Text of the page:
How Do You Convince A Patron To Give Their Money To Dance?
Behind every virtuosic performance, there is a quiet group of champions. Private patrons are critical to the success of American dance companies. Most large troupes only generate about half of their operating budget from ticket sales, while smaller companies recoup only a fraction. In a country with minuscule government funds allocated to the arts, individual contributors play an indelible role in financing concert dance.
Why Would You Give Money to Dance?
Richard Kirschner support Elisa Monte Dance because he believes having a wide variety of artists makes our communities richer. Here with director Tiffany Rea-Fisher. Photo by Leslie Hanson, courtesy EMD
Who are these vital donors, and why have they chosen to support dance? For most patrons, their love of the art form is integral to who they are as a person. Many support organizations to join a vibrant community, and make connections to others with a shared sense of impact. Getting to know the dancers is another key motivator; these direct interactions make the donor experience rewarding.
Some have a personal connection to dance. "I'm a lifelong ballet student, and continue taking adult ballet classes three times a week," says Laura Chapman, a Boston Ballet patron for nearly 25 years. "I give to dance because the arts are critically important and they always need support. Ballet truly enriches lives."
Other donors want to help build the kind of community they want to live in. Richard Kirschner, Elisa Monte Dance's longest-standing board member, says he feels a responsibility to support smaller companies like EMD because he believes a wide variety of artists is an integral part of our nation's cultural enrichment.
In What Other Ways Are Patrons Helpful?
Board members often have experience in the for-profit sector that can be invaluable to dance companies. Photo via Thinkstock.
As equally important as donating funds, many patrons volunteer countless hours to dance companies. Most board members have for-profit professional backgrounds, and this experience can provide companies with insight into sustainable business models, and bring skills that artists might not have. Kirschner, for example, worked as a pro-bono lawyer for the arts when he was a practicing attorney, and filed the initial 501(c)(3) nonprofit status for EMD in 1981.
As a former commercial banker, Chapman says her skill set comes in handy when raising money for Boston Ballet: "I'm used to asking people for money—I don't find it hard to do, especially when it's a project I believe in!" She helped raise $3 million for Boston Ballet School's newly constructed Newton location by organizing fundraising events and recruiting other adult students to donate.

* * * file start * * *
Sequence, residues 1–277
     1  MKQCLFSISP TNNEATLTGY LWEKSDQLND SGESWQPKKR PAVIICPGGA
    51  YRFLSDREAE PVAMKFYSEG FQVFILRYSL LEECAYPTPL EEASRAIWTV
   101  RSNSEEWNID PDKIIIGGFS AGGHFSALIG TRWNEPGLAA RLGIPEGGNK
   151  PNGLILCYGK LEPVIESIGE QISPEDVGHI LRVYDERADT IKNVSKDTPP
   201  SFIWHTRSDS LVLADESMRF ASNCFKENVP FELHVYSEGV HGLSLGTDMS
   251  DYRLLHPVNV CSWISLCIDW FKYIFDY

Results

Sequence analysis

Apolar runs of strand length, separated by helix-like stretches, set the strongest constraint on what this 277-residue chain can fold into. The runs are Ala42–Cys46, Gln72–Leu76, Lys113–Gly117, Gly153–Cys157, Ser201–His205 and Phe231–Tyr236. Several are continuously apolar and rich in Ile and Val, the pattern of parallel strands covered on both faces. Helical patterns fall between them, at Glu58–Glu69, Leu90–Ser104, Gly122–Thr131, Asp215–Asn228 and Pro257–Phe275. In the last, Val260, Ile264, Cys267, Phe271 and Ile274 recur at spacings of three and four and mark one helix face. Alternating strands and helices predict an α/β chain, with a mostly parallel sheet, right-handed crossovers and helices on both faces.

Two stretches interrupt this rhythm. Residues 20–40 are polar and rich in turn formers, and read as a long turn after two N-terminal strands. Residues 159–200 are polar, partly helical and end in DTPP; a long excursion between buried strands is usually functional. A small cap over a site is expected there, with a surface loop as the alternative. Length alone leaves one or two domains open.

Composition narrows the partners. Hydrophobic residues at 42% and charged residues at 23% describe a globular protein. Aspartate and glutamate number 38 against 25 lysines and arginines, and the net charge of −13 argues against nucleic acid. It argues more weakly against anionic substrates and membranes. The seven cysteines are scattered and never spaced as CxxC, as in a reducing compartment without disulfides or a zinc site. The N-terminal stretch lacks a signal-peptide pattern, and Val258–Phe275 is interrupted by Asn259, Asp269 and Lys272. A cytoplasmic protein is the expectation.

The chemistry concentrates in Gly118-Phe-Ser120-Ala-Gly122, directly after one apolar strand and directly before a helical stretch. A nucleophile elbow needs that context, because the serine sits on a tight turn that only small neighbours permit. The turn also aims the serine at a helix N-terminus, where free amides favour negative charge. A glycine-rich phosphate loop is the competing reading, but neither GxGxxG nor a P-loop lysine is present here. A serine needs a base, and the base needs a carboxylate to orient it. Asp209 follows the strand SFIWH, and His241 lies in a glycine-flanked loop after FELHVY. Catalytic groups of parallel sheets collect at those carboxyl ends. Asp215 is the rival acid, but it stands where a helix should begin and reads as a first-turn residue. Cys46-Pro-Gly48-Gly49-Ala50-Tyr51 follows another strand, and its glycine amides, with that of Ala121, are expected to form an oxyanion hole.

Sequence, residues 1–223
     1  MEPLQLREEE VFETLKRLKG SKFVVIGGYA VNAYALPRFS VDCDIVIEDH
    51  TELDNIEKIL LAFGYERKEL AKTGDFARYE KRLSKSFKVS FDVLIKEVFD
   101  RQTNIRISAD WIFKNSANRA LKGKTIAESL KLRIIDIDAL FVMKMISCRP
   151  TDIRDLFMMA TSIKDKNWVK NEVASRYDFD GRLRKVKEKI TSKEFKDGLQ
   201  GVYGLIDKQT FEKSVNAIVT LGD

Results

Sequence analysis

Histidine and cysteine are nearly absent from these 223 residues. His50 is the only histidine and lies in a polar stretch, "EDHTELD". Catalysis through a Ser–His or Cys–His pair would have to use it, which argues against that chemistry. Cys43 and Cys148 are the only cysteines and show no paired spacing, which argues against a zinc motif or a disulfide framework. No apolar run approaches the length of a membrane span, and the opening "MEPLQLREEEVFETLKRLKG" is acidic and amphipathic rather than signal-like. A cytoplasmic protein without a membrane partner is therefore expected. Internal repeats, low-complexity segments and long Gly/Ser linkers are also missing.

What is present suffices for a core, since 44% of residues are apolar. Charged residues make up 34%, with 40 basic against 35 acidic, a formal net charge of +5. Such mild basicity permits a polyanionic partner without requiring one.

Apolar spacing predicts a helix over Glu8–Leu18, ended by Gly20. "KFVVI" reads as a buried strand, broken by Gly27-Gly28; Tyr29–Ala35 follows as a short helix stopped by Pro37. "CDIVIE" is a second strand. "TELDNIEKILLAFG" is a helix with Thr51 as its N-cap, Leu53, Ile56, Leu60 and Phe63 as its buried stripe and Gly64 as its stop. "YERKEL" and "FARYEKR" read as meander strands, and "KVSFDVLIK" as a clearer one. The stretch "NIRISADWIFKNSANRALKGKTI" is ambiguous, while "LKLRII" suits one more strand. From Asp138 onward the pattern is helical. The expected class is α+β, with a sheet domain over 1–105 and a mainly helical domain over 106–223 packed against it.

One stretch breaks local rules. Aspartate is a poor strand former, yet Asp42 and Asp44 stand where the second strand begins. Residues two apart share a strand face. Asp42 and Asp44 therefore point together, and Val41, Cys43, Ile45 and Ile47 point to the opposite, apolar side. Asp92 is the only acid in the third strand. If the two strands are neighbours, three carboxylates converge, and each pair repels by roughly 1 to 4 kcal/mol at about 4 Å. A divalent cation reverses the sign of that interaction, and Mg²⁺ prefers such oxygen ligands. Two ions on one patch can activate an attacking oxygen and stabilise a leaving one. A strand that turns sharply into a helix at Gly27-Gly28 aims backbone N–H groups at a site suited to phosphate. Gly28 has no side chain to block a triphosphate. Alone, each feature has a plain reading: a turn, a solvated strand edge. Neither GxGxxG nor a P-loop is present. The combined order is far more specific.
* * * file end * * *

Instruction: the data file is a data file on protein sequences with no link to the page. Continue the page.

How Can I Inspire Donors to Fund My Project?
Patron Laura Chapman financed and edited former Boston Ballet dancer Laura Young's memoir. Photo courtesy Chapman.
One anonymous board member of several West Coast companies tells us that she looks for an artist's full commitment to their work before she makes a financial donation. Do they have the work ethic to warrant outside support? What is the reputation of the choreographer and their dancers? Who else is supporting the project? Is the work innovative and pushing the art form forward? Through the years, she has developed her own eye, but she does read reviews and says critics definitely have the ability to sway opinions in an art form that is often hard for viewers to understand.
Chapman prefers targeted giving towards special projects and to specific dancers or students. She funded a portion of an online archival project for BB's 50th anniversary, and worked directly with the company's marketing team to create a photographic timeline. She also sponsored second soloist Lauren Herfindahl while she was in the corps, and often gives towards rising stars within the school. Over the years, she developed a personal relationship with her teacher and one of BB's founding ballerinas, Laura Young, so she financed and edited Young's recently published memoir, Boston Ballerina: A Dancer, a Company, an Era. "I'm interested in preserving the memories of dancers, who often feel forgotten once they leave the stage," says Chapman.
James Whiteside (Jayme Thornton for Dance Magazine)
Say you're perpetually impeccable designer Thom Browne. Say you're planning your Spring 2020 Paris menswear show along a "Versailles country club" theme. Say you want a world-class danseur to open the show with some kind of appropriately fabulous choreography.
Who do you call? James Whiteside, of course. On Saturday, the American Ballet Theatre principal—wearing pointe shoes and a glorious pinstriped tutu—kicked off Browne's presentation at the École des Beaux-Arts with a 15-minute, show-stealing solo. Whiteside choreographed the piece himself, with the help of detailed notes from the designer.
I'd been a professional dancer for five years when I realized the pain I'd been feeling in my hip and down my sciatic nerve was not going away. I had been treating it for two years as we dancers do—with regular visits to my masseuse, physical therapy, baths, ice and lots of Aleve—but I never stopped dancing. It finally dawned on me that if I kept going at the speed I was going (which was, well, speedy), the pain would only get more severe and unrelenting, and I might never dance again.
I told myself I'd take two months off, and all would be better.
That first morning when I woke up at 10 am, I had no idea what to do with myself. My life until that moment had been dictated by class and rehearsal, every hour accounted for. How should I fill the huge swath of time ahead of me?